Australian shares eased for a second day as weak overseas leads and lockdowns depressed buying interest.
The S&P/ASX 200 dipped five points or 0.07 per cent by mid-session. Declines in the banks and some of the miners outweighed gains in Wesfarmers, property giant Goodman and CSL.
Despite the setback, the index remained on track for its first weekly advance in a month, thanks to rallies on Monday and Wednesday.
What’s driving the market
The market drifted lower as lockdowns in Victoria and Greater Sydney prompted the first whispers of a double-dip recession. More than 11 million Australians – almost half the national population – were in lockdown today.
“Many good forecasters are seeing negative Sep Qtr GDP, in part due to lockdowns,” economist Stephen Koukoulas tweeted. “While Dec Qtr is some way off, slower consumer demand, weak construction, a dip in export vols, a drop in govt spending, raise risk of another weak result.”
Westpac reported its Card Tracker, which measures credit card transaction volumes, declined last week to its weakest since April, signalling a slowdown in spending.
“This week saw uncertainty over Australia’s immediate outlook increase again as Sydney’s lockdown restrictions were tightened further and extended for at least two weeks to end-July. Overnight, Melbourne was also placed into a 5-day lockdown. Unsurprisingly, the Australian dollar has lost ground, currently trading around USD0.7420 despite positive data,” Westpac Senior Economist Eliot Clarke said.
New South Wales this morning reported 97 new local cases in the 24 hours to 8pm last night. Victoria reported ten cases, four of which were announced yesterday. Queensland recorded one new local case.
“It will be interesting to see how the government and central bank’s stimulus payments will save the labour market from the impact of recent COVID-19 lockdowns,” Kalkine Group CEO Kunal Sawhney said. “The sooner lifting of lockdown restrictions and resultant return of normalcy will be crucial towards this end.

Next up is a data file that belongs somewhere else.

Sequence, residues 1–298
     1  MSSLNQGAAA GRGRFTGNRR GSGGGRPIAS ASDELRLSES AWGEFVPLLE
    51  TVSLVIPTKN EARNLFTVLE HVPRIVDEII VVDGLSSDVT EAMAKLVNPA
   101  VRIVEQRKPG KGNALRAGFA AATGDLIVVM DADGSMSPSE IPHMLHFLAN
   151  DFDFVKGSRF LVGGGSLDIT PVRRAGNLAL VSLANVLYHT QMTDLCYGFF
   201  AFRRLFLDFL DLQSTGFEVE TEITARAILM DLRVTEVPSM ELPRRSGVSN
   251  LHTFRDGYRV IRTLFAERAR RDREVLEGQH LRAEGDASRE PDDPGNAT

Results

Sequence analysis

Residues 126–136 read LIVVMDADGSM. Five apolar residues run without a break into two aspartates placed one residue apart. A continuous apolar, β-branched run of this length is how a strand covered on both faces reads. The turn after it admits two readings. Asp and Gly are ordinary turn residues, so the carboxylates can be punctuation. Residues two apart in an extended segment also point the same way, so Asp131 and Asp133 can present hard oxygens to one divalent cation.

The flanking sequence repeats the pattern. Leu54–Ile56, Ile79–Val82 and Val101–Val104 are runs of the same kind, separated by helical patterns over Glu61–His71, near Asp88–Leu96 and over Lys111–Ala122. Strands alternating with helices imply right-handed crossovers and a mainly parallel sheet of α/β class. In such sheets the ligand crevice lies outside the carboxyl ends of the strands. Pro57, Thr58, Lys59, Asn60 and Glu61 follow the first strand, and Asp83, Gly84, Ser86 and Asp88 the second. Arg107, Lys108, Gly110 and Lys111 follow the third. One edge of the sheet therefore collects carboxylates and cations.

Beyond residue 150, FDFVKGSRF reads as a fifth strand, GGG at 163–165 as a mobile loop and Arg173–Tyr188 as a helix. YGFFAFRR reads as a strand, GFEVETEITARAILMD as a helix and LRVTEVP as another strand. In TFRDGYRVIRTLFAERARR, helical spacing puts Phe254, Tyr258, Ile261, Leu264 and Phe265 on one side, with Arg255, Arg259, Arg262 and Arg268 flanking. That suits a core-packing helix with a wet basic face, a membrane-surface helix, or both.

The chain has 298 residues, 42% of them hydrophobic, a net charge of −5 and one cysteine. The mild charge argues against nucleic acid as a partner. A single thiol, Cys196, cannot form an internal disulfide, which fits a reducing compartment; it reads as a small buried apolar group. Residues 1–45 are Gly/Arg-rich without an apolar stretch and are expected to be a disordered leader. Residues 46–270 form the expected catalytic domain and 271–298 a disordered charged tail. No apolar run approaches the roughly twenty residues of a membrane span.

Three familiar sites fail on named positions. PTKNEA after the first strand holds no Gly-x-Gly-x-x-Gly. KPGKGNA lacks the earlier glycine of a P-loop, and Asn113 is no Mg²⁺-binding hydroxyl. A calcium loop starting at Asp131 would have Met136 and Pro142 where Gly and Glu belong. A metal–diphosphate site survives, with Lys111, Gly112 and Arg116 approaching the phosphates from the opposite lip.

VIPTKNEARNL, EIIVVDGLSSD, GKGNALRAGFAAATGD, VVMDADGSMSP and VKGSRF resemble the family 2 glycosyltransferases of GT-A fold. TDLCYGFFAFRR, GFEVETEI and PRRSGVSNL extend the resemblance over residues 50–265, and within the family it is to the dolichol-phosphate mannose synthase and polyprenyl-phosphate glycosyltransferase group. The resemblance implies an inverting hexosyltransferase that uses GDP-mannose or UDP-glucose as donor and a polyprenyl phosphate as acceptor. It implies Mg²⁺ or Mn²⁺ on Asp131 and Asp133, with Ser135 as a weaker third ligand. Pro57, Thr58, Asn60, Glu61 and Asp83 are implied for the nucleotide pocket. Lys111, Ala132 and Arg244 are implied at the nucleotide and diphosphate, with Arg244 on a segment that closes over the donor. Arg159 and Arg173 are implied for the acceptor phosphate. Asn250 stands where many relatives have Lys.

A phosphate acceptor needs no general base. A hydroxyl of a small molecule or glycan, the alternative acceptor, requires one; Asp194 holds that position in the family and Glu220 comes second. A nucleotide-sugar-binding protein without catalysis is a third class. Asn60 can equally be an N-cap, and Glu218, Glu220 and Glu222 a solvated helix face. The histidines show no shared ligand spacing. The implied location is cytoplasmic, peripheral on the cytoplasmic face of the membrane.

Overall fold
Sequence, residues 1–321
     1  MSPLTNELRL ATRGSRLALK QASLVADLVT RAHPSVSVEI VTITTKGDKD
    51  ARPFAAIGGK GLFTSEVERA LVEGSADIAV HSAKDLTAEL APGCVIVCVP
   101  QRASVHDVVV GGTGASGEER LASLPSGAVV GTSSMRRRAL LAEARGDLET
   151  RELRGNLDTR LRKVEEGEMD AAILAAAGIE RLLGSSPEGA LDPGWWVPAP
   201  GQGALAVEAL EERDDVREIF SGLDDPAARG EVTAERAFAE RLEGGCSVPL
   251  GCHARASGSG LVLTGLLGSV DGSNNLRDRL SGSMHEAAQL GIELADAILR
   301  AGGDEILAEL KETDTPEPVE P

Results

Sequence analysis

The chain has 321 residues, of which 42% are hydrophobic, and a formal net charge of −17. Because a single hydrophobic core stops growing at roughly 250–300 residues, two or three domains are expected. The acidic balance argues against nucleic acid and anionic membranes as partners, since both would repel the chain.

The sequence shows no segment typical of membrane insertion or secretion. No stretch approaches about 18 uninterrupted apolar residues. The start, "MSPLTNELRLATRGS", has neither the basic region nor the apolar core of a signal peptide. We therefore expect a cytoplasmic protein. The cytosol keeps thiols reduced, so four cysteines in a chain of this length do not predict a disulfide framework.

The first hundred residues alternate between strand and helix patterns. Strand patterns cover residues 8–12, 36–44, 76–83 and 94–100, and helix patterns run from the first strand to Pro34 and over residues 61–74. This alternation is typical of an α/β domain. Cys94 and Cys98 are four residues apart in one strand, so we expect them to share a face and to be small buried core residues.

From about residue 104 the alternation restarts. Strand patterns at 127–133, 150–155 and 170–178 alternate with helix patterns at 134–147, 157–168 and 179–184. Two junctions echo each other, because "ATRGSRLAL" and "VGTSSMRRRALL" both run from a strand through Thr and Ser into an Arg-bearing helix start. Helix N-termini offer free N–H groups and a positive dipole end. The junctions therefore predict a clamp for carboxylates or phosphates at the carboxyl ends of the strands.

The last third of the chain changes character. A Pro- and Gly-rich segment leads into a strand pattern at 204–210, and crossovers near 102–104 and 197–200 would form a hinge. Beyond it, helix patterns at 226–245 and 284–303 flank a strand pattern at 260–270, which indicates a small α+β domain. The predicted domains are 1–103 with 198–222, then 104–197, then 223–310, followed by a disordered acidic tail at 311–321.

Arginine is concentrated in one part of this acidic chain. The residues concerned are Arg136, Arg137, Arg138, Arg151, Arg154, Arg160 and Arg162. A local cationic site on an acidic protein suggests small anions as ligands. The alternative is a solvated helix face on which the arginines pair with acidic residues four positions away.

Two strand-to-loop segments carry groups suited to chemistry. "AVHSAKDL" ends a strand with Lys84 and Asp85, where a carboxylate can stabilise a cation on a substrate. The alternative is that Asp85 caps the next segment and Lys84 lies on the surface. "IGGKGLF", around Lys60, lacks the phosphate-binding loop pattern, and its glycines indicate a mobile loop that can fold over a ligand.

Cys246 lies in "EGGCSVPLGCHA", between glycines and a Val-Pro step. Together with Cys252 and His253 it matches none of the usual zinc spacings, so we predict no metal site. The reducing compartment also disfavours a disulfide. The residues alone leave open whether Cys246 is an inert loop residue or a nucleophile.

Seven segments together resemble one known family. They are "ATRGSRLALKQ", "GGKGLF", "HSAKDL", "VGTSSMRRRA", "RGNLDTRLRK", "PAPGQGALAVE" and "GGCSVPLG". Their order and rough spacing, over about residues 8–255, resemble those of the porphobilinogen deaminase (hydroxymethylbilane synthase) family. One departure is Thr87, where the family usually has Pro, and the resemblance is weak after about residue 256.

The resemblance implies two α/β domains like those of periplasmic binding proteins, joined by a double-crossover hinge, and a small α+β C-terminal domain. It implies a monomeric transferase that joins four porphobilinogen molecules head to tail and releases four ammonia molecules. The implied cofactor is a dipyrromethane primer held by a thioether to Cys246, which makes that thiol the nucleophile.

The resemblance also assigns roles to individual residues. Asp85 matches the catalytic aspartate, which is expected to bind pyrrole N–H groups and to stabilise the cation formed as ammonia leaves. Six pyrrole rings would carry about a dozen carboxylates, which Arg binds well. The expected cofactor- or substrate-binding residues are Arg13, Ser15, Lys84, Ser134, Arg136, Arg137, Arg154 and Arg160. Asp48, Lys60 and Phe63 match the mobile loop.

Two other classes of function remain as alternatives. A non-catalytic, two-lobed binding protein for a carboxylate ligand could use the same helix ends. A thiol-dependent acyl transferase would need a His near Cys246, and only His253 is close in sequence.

“Moreover, high hopes are attached to the ongoing vaccination programme, which if successful, will alleviate further lockdowns and pave the way for the return of foreign labour into the market.”
US futures declined following another mixed close overnight. S&P 500 slipped nine points or 0.2 per cent. Overnight, the index dropped 0.33 per cent. Weakness in growth stocks pulled the Nasdaq Composite down 0.7 per cent. The Dow inched up 0.15 per cent.
Gains in bond proxies kept the market near break-even as yields continued to fade. The yield on ten-year Australian government bonds has fallen steadily since peaking near 1.9 per cent in February. The ten-year yield eased another basis point this morning to below 1.3 per cent.
Scentre Group climbed 1.92 per cent, InvoCare 1.4 per cent, Charter Hall Group 0.92 per cent, Goodman 0.8 per cent, Wesfarmers 0.61 per cent and CSL 0.53 per cent.
Other heavyweight gains included Macquarie Group +0.54 per cent, Fortescue Metals +0.43 per cent and BHP +0.27 per cent.
A profit upgrade lifted property group Ingenia Communities 0.85 per cent. The group said it expected full-year earnings to be 30 per cent stronger than FY2020, versus previous guidance of 15 – 20 per cent. New home settlements were up 17 per cent on FY2020.
Whitehaven Coal climbed 3.38 per cent to a 17-month peak following an upgraded price target from Citi analysts in the wake of yesterday’s quarterly report. Medical device developer Polynovo bounced 1.9 per cent off a ten-month low.
A decline in iron ore production due to heavy rain in the Pilbara and shutdowns helped pull Rio Tinto down 0.75 per cent. The miner warned shipments would be at the lower end of guidance. Ore production on the Pilbara dropped 9 per cent last quarter from the previous quarter.
Gold miner Evolution fell 4.65 per cent after missing production guidance. The group produced 680,788 ounces of gold for the full year, 2 per cent short of a revised target of 695,000 – 710,000 issued in April. The production miss overshadowed news the company green-lit the proposed Cowal underground mine in NSW.
AMP dipped 1.35 per cent despite news ASIC was dropping a fees-for-no-service case against the wealth manager’s Financial Planning business. The company said it had amended its processes, apologised to clients and completed remediation.
Drug and device-maker Medical Developments hit a pandemic-era low after warning full-year earnings will include a non-cash charge of $7.5 – $8.5 million. The company’s respiratory business had been impacted by the pandemic, prompting an impairment against intangible assets. The share price fell 4.12 per cent.
The big four banks continued to track the decline in yields. CBA dropped 0.33 per cent, ANZ 0.47 per cent, NAB 0.48 per cent and Westpac 0.3 per cent.
A negative morning on Asian markets saw the Asia Dow lose 0.47 per cent, China’s Shanghai Composite 0.36 per cent, Hong Kong’s Hang Seng 0.1 per cent and Japan’s Nikkei 1.14 per cent.
Oil continued to fade amid demand worries and the prospect of a new OPEC+ deal to increase output. Brent crude dipped five cents or 0.07 per cent to US$73.42 a barrel.
Gold eased $1.90 or 0.1 per cent to US$1,827.10 an ounce.
The dollar inched up 0.03 per cent to 74.25 US cents.